The etymology of chocolate

The history of chocolate covers its use as a drink, a flavouring, and a sweet. The Central American Toltecs and the Itzá knew and used cocoa, but it was the Maya who successfully grew it, established a flourishing trade and even used the cocoa bean as a unit of inter-tribal currency.

In November 2007, archaeologists found evidence of the oldest known cultivation and use of cacao at a site in Puerto Escondido, Honduras, dating from about 1100 to 1400 BCE. The residues found, and the kind of vessel they were found in, indicate that cacao was used as a source of fermentable sugar for an alcoholic drink.

The word “chocolate” entered the English language from Spanish, although there are several possible derivations. The best known is that “chocolate” comes from Nahuatl, the language of the Aztecs, from the word xocolātl (xococ meaning “sour” or “bitter”) and ātl (meaning “water” or “drink”). That certainly matches a report of José de Acosta, a Spanish Jesuit missionary who lived in Peru and then Mexico in the late 16th century. He wrote:

 “Loathsome to such as are not acquainted with it, having a scum or froth that is very unpleasant taste. Yet it is a drink very much esteemed among the Indians, where with they feast noble men who pass through their country. The Spaniards, both men and women that are accustomed to the country are very greedy of this Chocolate. They say they make diverse sorts of it, some hot, some cold, and some temperate, and put therein much of that ‘chili’; yea, they make paste thereof, the which they say is good for the stomach and against the catarrh.”

However, scholars have noted that the word chocolatl does not occur in central Mexican colonial sources and propose a derivation from the Yucatec Maya word chokol (meaning hot) and the Nahuatl atl (meaning water). Pointing to sources dating from the Spanish conquest, they identify cacahuatl (cacao water) as the original Nahuatl word for the cold beverage consumed by the Aztecs. Noting that using a word with caca in it to describe a thick, brown beverage would not have gone down well with most speakers of Spanish due to the fact that caca means poo, it has been suggested that the Spanish colonisers combined the Nahuatl atl with the Yucatec Maya chocol.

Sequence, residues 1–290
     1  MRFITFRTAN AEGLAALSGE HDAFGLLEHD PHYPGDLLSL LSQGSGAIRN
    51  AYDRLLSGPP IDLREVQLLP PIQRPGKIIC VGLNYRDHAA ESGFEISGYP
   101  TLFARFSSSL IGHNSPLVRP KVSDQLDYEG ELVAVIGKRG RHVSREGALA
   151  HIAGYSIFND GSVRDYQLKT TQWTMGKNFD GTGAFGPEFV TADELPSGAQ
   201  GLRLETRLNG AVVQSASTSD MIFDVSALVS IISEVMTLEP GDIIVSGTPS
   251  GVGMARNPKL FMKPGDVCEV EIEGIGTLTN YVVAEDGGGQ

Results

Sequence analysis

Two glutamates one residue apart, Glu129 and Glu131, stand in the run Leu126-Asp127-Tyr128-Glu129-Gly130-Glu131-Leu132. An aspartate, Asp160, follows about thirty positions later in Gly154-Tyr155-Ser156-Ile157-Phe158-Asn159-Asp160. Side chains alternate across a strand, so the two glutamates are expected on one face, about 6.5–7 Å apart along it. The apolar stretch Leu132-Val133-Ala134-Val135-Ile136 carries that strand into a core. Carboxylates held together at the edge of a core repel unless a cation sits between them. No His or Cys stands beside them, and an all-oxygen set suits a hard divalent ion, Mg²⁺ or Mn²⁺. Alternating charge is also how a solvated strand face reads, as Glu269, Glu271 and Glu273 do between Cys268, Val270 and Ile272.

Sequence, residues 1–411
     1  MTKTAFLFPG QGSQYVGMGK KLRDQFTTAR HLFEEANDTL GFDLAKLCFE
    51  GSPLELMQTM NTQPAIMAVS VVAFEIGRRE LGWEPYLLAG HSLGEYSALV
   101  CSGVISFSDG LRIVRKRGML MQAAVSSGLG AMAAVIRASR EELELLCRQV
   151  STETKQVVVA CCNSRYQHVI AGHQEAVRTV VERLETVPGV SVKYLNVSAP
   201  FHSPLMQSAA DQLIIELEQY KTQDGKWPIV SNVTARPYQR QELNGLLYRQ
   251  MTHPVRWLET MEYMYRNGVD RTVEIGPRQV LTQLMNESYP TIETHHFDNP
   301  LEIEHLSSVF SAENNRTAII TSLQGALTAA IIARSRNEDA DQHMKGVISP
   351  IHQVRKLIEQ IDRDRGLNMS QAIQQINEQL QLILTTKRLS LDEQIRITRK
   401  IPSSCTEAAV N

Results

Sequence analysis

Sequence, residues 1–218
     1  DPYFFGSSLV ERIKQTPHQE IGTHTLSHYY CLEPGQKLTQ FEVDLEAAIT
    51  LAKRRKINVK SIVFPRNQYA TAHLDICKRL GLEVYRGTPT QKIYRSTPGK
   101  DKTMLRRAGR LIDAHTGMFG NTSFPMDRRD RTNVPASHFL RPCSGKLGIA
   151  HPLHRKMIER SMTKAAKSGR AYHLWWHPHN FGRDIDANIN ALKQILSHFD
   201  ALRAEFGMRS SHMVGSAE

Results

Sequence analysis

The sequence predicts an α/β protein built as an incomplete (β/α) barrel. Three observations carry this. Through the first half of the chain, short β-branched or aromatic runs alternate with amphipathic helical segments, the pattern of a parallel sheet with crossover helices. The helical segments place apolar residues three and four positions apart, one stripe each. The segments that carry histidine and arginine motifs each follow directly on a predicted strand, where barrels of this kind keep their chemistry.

More recently, other scholars have indicated another Nahuatl term, chicolatl from eastern Nahuatl (meaning “beaten drink”) – derived from the word for the frothing stick, chicoli. Those who object say that xicalli referred to the gourd out of which the beverage was consumed and that the use of a frothing stick (called a molinollo) was a product of creolisation between the Spanish and Aztecs. The original frothing method used by the indigenous people was to pour the drink from a height into another vessel.

History matters little in the face of today’s overwhelming passion for the product of the humble cocoa bean. As Roald Dahl observed, “Never mind about 1066 William the Conqueror, 1087 William the Second. Such things are not going to affect one’s life … but 1932 the Mars Bar and 1936 Maltesers and 1937 the Kit Kat –- these dates are milestones in history and should be seared into the memory of every child in the country.”


Published by

Philip Lee

Writer, editor, and musician (in a former life) who likes exploring less obvious or forgotten paths and joining up the dots.

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